Another key finding was that women in the study tended to shift toward the self-improvement comparisons over the course of the study. That suggests that women may begin to identify more with these thin models after repeated exposures.
“They may begin to feel affiliated with the models, and start to think this person is someone like me, someone I can be friends with and emulate,” she said.
Knobloch-Westerwick said this may also explain why the study found that viewing images of thin models may lead to higher body satisfaction, when so many other studies have found the opposite.
“If they just see an image of a thin model once and have to react immediately, they may indeed have poorer body satisfaction,” she said.
“But if they look at images over the course of several days, readers may begin to feel more affiliated with the models, feel more like they could be like them. That could lead them to switch from comparing themselves negatively to the models to using these models as thinspiration.”
In addition, she noted that many studies that found viewing images of thin models leads to poorer body satisfaction utilized just images without any accompanying text. But because this study included actual magazine pages, participants read positive messages about how they could look like the models pictured.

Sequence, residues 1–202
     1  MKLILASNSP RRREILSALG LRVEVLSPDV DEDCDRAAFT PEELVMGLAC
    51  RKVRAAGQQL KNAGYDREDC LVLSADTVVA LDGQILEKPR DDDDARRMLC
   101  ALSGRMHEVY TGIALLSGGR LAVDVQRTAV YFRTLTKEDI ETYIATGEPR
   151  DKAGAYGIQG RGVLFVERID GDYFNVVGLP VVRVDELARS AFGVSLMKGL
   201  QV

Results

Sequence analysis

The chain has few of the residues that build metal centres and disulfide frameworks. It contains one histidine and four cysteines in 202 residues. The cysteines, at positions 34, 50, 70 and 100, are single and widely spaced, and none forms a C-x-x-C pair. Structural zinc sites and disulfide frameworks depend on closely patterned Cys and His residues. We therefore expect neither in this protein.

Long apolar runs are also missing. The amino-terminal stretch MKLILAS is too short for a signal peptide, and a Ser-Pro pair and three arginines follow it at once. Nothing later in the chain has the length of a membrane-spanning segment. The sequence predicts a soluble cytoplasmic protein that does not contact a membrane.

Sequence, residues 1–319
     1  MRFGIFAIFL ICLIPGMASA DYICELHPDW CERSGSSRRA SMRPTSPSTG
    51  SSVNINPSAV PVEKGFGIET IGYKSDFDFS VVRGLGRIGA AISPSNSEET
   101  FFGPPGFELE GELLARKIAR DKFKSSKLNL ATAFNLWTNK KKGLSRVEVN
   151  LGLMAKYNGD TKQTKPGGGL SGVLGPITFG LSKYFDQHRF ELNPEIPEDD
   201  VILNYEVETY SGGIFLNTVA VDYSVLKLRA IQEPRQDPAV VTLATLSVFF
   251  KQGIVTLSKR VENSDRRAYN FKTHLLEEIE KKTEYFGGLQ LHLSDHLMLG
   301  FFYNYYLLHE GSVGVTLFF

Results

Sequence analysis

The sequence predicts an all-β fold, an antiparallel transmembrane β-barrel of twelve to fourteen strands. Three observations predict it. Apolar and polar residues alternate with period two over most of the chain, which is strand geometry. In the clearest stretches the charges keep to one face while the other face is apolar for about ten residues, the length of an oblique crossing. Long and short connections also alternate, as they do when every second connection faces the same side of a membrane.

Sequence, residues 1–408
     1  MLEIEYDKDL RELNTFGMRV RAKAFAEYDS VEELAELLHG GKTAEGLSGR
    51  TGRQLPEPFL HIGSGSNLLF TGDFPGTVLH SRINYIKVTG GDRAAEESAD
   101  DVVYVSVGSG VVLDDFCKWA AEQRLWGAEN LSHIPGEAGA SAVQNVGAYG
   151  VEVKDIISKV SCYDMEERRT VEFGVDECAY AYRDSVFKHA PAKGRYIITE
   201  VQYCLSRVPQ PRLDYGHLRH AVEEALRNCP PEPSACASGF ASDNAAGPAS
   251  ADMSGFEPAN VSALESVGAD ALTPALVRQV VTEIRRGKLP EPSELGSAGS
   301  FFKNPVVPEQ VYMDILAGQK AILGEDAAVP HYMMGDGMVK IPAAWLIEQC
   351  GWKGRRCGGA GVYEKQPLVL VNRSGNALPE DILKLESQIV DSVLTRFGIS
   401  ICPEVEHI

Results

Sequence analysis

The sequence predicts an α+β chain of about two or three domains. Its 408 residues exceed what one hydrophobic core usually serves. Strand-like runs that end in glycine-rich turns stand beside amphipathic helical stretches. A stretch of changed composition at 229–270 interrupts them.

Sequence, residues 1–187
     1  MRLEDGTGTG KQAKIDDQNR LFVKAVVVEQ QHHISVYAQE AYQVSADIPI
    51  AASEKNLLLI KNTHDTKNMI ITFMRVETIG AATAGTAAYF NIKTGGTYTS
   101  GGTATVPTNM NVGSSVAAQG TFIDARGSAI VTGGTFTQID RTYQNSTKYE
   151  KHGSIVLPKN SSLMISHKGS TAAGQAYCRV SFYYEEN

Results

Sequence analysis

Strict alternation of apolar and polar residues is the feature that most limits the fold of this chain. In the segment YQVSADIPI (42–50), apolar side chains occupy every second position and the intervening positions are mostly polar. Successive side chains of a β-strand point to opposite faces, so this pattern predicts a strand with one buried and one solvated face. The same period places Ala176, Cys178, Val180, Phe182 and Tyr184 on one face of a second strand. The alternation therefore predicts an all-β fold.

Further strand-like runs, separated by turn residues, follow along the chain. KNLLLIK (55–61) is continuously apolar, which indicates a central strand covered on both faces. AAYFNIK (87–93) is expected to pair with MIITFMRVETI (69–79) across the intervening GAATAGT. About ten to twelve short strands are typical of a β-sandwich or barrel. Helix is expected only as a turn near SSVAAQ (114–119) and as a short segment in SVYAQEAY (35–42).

Knobloch-Westerwick said women, at a surface level, may read these magazines simply as entertainment. But they should realize how the magazines are affecting them.
“Women might be able to fight off the harmful media impacts on their body satisfaction if they understand how these messages are designed to make them fall for unrealistic and even unhealthy body ideals.”
The original rainbow flag, called the Freedom Flag, was devised by Gilbert Baker in 1978. The design has undergone several revisions since its debut with 8 colored stripes, and today the most common variant consists of 6 stripes: red, orange, yellow, green, blue, and violet.
Picture of Gilbert Baker's original Freedom Flag showing the meaning of the 8 colors.